Former Congressman Beto O'Rourke (D) – the failed senatorial and presidential candidate who made waves for saying "hell yes" he would take Americans' AR-15s – will be starting a new job next month. And it is not in the Biden administration.
O'Rourke will be teaching a seminar about voting rights in Texas at the University of Texas' Lyndon B. Johnson School for Public Affairs. The kicker? The seminar is titled "Texas Democracy and the Fight for Representation" and will focus on various aspects of elections in the Lone Star State.
According to the Austin American-Statesman, the seminar "will examine democracy in action, Texas legislative policy and executive power, and the history of voter rights and voter participation in the state – while also unpacking the running of a political campaign in Texas."
Despite the fact that America is a Republic, the twice-failed politician will talk about democracy and what it means for Texans and the American people. Outside of the class, the former congressman will take part in "bipartisan forums" that focus on politics and public policy making. Those forums will take place online and will be open to the public.
"There are no sidelines in a democracy," O'Rourke told the American-Statesman. "Part of the price of being an American is your expectation to participate — civically, in front of the school board, voting in a presidential election. For young people, time and again, inside and outside of official power, they’re able to move this country ultimately to do the right thing — though it can take a long time and be frustratingly slow."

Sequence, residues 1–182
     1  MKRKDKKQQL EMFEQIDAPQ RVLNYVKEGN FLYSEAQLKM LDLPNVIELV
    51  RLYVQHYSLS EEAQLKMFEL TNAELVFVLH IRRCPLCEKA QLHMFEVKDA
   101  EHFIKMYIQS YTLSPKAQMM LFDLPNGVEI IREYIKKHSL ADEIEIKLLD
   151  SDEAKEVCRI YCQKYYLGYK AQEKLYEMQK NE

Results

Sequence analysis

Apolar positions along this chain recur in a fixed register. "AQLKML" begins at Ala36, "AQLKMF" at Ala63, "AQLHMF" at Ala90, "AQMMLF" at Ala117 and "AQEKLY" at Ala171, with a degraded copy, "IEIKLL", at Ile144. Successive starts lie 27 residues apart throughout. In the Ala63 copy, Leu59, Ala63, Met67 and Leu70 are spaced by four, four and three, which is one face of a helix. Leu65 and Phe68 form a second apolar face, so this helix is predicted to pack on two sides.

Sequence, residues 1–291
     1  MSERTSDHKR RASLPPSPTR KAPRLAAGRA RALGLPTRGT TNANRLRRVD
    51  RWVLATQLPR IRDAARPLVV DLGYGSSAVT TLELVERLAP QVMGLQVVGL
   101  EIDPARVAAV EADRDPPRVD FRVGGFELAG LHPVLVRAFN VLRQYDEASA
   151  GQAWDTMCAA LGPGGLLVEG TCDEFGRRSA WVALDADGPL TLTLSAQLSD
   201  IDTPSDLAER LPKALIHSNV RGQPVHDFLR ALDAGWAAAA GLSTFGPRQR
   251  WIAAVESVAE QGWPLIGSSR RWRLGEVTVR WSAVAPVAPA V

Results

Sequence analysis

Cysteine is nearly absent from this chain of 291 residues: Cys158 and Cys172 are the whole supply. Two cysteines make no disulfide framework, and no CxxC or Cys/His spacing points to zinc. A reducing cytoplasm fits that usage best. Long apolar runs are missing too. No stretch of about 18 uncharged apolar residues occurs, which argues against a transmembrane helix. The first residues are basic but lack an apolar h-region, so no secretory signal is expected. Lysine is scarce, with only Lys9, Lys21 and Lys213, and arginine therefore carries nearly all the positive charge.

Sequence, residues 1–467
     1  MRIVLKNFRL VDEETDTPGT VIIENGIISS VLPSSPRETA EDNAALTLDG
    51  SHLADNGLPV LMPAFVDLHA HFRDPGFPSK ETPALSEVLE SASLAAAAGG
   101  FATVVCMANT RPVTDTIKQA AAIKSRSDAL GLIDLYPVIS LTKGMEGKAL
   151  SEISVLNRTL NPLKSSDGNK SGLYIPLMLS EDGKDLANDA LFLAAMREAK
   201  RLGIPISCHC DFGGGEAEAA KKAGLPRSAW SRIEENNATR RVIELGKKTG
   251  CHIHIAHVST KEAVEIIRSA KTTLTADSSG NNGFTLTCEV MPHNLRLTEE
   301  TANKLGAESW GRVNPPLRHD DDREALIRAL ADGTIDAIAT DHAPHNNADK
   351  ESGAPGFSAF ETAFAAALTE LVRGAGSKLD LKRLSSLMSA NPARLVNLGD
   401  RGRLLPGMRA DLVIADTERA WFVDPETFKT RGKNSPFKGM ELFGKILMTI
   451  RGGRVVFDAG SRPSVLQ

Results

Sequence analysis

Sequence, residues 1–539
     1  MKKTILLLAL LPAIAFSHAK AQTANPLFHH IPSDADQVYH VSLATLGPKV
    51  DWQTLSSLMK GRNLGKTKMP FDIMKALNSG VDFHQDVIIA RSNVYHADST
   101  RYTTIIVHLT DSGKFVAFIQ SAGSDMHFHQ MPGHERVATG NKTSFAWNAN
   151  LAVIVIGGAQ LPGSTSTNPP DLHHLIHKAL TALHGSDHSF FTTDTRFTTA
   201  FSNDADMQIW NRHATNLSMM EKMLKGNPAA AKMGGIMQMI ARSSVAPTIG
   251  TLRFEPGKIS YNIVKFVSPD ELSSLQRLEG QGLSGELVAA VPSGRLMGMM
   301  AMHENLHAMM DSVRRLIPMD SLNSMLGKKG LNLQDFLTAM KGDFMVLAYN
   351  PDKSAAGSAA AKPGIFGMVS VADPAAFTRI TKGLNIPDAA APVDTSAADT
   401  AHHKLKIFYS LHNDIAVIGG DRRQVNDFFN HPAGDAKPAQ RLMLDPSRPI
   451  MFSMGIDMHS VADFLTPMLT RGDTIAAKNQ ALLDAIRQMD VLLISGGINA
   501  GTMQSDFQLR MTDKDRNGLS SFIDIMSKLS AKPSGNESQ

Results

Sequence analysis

Naturally, a portion of his seminar will focus on "what it's like to start a campaign and run for office." His hope is to "demystify it."
“There’s no secret handshake, and no necessary magic on the part of the candidate — the basics are actually pretty simple," he explained.
The class, which is solely for graduate students, has 16 slots and will take place over Zoom. The LBJ School for Public Affairs said 300 students attempted to sign up for the class. They are holding a random drawing to determine which students get the highly-coveted spots.
Beto will be paid $10,000 for the course, which is what adjunct assistant professors in the department make. He will be paid an additional $10,000 to conduct a minimum of two public forums.
The former congressman will also teach an online undergraduate course at Texas State University for the spring semester. The goal of that course, according to O'Rourke, is to dive deeper into the Lone Star State's politics with an emphasis on historical movements, figures and institutions.
And no, Beto has no plans to run against Texas Gov. Greg Abbott (R) in 2022. Instead, O'Rourke wants to shift his focus to teaching.
“I have no plans to run for any office,” he told the Statesman. “I’m focused on teaching and that’s what I’ll be spending my time doing.”
Having a twice-failed politician teach about campaigns and how to win them is the most ironic thing imaginable. Why should anyone listen to a guy who could receive support from only 10 percent of the country? Why would anyone care what the guy has to say when he dropped out of the presidential race fairly early on?